Throughout history we've been pretty invisible how come let's go back 120 years the decision in 1885 by the establishment not to criminalize female homosexuality that's had a real impact in how lesbianism has been seen because if you think about the history of male homosexuality a lot of that has been defined because the men's fight was about the law the women's fight wasn't about the law, It was about acceptance fast forward to the 1960s and shockingly things hadn't got any better for us what is lesbianism what causes it can it be cured the idea is that by more or less punishing these all these various aspects of homosexuality which are represented in the patient's mind you actually weaken the homosexual drive of the patient well i don't think they are born that way i think the damage is probably done very early in infancy in some cases sometimes later with academics and scientists talking about us like that no wonder we were driven underground i love going to nice places to eat i love going to nice restaurants but you can't do it with a woman because you have to go to an underground place and they're all underground people talked about men being gay and the word used to be being queer but they didn't really talk very much about lesbians girls being gay and then at home.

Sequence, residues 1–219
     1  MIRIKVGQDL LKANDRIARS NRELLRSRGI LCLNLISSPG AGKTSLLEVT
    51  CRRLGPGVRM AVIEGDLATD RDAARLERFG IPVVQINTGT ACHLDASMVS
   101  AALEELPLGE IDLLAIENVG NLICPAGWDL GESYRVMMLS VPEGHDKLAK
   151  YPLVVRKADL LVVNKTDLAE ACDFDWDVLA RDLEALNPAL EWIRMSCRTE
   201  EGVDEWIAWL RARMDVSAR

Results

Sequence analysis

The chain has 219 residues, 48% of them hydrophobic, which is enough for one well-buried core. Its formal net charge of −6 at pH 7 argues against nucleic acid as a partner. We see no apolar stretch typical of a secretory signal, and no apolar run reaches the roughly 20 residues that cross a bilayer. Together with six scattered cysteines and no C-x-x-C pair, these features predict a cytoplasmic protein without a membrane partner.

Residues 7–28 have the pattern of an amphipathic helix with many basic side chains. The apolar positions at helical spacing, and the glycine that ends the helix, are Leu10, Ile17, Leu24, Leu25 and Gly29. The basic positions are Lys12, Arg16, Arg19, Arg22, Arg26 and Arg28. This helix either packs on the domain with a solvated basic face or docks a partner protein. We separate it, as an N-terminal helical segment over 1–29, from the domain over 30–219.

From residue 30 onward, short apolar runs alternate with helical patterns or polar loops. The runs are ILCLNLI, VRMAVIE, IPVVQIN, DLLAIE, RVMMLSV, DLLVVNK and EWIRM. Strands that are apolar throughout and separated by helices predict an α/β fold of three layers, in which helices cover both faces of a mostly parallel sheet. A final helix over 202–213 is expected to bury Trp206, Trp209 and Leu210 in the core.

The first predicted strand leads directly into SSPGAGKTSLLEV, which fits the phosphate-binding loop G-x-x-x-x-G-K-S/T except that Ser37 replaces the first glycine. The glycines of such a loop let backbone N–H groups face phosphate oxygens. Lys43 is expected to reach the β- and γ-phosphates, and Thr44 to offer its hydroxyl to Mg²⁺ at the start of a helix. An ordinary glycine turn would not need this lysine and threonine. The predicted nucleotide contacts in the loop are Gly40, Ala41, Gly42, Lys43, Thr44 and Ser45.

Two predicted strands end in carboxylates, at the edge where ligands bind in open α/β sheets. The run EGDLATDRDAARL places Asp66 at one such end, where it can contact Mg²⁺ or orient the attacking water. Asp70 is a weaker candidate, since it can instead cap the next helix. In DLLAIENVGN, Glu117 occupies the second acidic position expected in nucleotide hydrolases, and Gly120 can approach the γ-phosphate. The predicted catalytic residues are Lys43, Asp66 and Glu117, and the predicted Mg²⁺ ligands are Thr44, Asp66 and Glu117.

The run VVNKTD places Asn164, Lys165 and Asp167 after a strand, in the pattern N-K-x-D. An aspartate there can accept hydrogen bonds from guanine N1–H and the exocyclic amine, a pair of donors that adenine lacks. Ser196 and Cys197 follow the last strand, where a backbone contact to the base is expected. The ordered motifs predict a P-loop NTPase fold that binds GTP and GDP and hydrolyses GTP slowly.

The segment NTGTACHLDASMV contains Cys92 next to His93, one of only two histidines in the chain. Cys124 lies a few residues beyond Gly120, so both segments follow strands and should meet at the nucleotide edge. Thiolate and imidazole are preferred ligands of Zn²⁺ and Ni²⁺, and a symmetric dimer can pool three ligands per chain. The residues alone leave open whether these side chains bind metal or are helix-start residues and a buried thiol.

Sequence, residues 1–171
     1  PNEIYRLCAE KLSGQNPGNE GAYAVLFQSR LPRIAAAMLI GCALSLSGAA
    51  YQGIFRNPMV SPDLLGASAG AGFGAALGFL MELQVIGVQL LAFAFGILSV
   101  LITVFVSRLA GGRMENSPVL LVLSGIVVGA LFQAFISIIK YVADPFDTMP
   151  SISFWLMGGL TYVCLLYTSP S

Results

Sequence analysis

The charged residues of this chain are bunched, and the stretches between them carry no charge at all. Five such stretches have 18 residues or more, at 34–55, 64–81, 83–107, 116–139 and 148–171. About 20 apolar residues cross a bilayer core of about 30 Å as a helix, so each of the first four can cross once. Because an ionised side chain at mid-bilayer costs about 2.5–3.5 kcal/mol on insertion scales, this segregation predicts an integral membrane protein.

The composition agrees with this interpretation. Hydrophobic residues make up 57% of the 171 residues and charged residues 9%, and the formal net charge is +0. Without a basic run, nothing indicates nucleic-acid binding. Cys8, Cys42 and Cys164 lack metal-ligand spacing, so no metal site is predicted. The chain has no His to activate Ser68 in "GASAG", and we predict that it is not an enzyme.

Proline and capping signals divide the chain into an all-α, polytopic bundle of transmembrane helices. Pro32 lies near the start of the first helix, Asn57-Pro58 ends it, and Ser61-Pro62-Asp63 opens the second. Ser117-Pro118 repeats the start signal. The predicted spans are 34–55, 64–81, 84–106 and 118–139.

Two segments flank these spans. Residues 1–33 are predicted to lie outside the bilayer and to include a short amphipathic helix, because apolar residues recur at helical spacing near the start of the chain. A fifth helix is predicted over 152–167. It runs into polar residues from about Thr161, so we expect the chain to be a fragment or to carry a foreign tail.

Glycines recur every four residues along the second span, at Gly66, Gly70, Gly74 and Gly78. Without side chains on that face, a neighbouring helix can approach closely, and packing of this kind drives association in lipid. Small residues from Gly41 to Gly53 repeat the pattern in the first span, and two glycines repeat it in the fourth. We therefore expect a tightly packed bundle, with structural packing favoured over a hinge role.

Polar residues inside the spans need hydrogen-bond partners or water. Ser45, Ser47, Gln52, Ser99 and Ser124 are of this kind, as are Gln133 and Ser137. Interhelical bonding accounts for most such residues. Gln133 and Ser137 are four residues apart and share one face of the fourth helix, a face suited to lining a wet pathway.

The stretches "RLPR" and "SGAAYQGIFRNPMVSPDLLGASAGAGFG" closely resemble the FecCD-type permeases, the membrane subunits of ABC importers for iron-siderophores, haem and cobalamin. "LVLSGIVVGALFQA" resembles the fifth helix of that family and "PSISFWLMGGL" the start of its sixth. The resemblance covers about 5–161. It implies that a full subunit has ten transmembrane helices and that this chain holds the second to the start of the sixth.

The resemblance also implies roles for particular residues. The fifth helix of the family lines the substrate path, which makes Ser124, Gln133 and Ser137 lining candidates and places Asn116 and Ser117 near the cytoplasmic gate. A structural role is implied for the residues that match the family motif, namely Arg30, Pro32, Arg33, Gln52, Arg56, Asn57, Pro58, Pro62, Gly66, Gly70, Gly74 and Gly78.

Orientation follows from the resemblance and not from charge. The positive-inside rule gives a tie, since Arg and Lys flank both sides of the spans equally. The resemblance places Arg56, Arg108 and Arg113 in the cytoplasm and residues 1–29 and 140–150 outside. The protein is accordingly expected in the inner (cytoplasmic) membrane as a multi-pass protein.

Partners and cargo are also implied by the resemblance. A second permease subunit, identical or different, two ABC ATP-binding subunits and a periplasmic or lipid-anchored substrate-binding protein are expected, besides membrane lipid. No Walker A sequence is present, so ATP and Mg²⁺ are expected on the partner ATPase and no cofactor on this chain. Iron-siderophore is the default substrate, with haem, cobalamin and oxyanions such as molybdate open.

I discovered that my sister was gay and my sister and her chums used to go to a gay club in chelsea of the king's room

I think we should be allowed to go where we like dressed in what we like and be accepted generally by society that big moment was when a film called the killing of sister george was being cast and my sister became an extra in the film the killing of sister george and that movie the killing of sister george really brought being lesbian out into the open this 1968 cult film featured a volatile relationship between a young susanna york seen here and an aging lesbian actress played by beryl him he's a reed is that so don't george you've no right